Do Alabama Police Who Killed the Wrong Man Know What 'Brandished' Means?

Emantic Bradford Jr. may have had a gun. But he didn't deserve to die.


Jeremy Raines/ZUMA Press/Newscom

Police in Hoover, Alabama, are still trying to get their story straight days after an officer shot and killed the wrong man at a mall last week.

It's still unclear what exactly happened on Thanksgiving night that led police working security to shoot and kill Emantic "EJ" Bradford Jr. There was a prior shooting that injured two people, though police now say Bradford was probably not responsible. Still, Bradford was shot and killed by an officer who saw him holding a gun. While all the facts have yet to come out, the Hoover Police Department's seemingly ever-changing explanations haven't helped clear things up.

In a joint statement sent to media outlets yesterday morning, the police department and the city of Hoover claimed "with certainty" that "Bradford brandished a gun during the seconds following the gunshots, which instantly heightened the sense of threat to approaching police officers responding to the chaotic scene." As the Associated Press noted, the statement seems to suggest Bradford shouldn't have pulled out his gun at all, even though his father claims Bradford had a permit for the handgun. Alabama is also an open carry state.

Later yesterday, police posted an update to Facebook "to clarify" their use of "brandish." That word "was used because Mr. Bradford had a gun in his hand as police officers responded to the active shooter situation between mall patrons," police said.

Of course, there's a big difference between brandishing a gun and simply holding it in one's hand. According to the Cambridge Dictionary, "brandish" means: "to wave something in the air in a threatening or excited way."'s definition—"to shake or wave, as a weapon; flourish"—is a little less specific. Still the threatening connotation is the same.

In Bradford's case, authorities have yet to reveal evidence suggesting he posed a threat to police or innocent bystanders. In fact, Ben Crump, an attorney for Bradford's family, said at a press conference Sunday that witnesses have claimed Bradford was attempting to help people in the midst of the chaos following the original shooting, only to be shot "within milliseconds" and without a verbal warning from the officer who opened fire. Bradford "was trying to be somebody who helped save people, yet he was killed," Crump said.

There's been significant confusion regarding this case from the beginning. It all started late Thursday night at the Riverchase Galleria in Hoover, where thousands of people were kicking off the holiday shopping season. The scene turned chaotic when a gunman opened fire, injuring an 18-year-old man and a 12-year-old girl. At some point, Bradford took his gun out. He may not have been the only one, as reported Thursday that "several shoppers were seen with their guns drawn."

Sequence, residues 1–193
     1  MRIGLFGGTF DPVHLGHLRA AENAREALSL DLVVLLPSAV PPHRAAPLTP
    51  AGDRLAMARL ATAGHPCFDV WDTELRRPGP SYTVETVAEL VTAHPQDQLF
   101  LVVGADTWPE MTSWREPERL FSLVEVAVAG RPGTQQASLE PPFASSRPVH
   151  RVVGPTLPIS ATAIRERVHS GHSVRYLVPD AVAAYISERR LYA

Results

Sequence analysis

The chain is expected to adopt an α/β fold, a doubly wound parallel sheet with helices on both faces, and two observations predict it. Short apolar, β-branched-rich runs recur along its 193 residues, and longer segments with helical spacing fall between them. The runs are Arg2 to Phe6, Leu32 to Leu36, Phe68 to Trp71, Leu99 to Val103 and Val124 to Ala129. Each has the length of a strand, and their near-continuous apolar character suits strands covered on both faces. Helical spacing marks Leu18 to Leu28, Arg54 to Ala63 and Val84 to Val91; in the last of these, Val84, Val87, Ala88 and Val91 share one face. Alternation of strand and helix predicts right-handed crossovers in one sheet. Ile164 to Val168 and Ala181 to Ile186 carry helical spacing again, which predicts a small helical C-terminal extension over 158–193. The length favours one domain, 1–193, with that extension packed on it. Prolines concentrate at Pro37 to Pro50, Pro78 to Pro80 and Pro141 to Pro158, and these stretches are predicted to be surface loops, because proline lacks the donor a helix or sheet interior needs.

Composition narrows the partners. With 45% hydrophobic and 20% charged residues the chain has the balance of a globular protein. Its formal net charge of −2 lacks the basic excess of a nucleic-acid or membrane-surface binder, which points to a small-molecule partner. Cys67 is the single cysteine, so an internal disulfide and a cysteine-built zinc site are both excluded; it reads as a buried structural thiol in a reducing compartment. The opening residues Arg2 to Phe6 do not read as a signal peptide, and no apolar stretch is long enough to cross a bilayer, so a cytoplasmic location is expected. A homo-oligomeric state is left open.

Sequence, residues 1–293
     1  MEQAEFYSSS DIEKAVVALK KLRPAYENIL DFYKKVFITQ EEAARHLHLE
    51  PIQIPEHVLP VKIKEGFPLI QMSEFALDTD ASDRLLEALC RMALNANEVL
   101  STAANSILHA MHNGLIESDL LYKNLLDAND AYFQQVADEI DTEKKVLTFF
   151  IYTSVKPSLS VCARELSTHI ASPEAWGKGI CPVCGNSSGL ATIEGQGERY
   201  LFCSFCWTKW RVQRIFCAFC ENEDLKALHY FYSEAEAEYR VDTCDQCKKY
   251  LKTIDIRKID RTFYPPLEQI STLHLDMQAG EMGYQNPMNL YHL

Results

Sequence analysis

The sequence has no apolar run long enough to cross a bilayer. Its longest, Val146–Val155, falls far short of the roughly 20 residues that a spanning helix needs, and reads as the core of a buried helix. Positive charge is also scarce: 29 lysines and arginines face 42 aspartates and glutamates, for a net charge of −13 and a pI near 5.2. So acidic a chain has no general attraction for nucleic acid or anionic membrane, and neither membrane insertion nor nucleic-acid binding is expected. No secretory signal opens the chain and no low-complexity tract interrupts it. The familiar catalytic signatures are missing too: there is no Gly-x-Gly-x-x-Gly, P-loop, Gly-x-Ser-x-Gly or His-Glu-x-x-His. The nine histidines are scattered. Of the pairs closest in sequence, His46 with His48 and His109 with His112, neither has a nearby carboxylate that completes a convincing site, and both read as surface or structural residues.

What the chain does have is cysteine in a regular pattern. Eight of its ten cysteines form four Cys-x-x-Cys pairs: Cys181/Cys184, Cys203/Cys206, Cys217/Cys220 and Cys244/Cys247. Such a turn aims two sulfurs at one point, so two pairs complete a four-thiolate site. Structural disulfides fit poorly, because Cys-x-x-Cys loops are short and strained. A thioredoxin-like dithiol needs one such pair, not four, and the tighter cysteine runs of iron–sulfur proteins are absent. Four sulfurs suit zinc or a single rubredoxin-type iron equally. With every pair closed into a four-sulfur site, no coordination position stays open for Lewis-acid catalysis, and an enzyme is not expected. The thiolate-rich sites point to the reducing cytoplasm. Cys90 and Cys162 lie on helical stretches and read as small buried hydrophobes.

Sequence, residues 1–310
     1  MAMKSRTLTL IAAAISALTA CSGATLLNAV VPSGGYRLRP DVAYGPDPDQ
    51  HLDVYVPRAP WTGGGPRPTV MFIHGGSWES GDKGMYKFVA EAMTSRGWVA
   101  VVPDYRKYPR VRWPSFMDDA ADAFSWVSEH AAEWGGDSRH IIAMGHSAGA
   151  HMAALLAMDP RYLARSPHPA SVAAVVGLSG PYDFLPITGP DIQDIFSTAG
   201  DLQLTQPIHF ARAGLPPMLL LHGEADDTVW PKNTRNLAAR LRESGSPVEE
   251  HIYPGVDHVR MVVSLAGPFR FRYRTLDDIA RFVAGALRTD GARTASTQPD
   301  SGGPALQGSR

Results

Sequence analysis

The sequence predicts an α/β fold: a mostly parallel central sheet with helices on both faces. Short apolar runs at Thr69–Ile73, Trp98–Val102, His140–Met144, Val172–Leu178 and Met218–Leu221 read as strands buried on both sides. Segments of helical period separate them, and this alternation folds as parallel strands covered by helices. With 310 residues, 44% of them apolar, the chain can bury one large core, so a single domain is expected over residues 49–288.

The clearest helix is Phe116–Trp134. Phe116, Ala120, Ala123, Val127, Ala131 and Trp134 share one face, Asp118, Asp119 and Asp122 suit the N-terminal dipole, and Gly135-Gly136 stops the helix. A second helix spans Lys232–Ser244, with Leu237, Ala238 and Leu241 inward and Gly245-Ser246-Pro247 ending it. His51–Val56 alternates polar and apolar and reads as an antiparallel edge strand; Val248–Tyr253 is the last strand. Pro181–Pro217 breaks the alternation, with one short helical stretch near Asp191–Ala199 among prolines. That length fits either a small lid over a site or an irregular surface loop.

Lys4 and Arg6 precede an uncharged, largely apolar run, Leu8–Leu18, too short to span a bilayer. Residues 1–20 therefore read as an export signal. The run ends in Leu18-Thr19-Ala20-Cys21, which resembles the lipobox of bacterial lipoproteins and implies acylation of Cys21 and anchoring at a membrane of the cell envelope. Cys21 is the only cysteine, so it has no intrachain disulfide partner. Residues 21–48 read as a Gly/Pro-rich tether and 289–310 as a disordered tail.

Bradford was quickly shot by police. According to The Washington Post:

"While moving toward the shooting scene, one of the officers encountered a suspect brandishing a pistol and shot him," police said in a statement written immediately after the shooting. In a revised statement, they said Bradford was fatally shot while "fleeing the shooting scene while brandishing a handgun."

At first, police said they had apprehended the right suspect. But on Saturday they admitted "that while Mr. Bradford may have been involved in some aspect of the altercation, he likely did not fire the rounds that injured the 18-year-old victim." The 12-year-old who was shot is believed to have been an "innocent bystander," police said.

The investigation into the shooting, as well as the search for the real gunman, is now in the hands of the Alabama Law Enforcement Agency (ALEA). Hopefully, we'll soon get a clear picture of what happened that night.

That said, the death of Bradford, who was black, brings to mind a similar police shooting that took place just weeks ago. As Reason's Robby Soave reported earlier this month, an armed security guard at a bar in Chicago returned fire on an active shooter and eventually pinned him to the ground. But the guard who, like Bradford, was black, was shot and killed when police arrived on the scene and thought he was the bad guy.

In both cases, it's important not to make final conclusions until all the facts come out. But this much is clear: Neither man deserved to die. If witnesses are to be believed, both appear to have been the proverbial "good guy with a gun." The fact that police shot first and asked questions later just makes their deaths all the more tragic.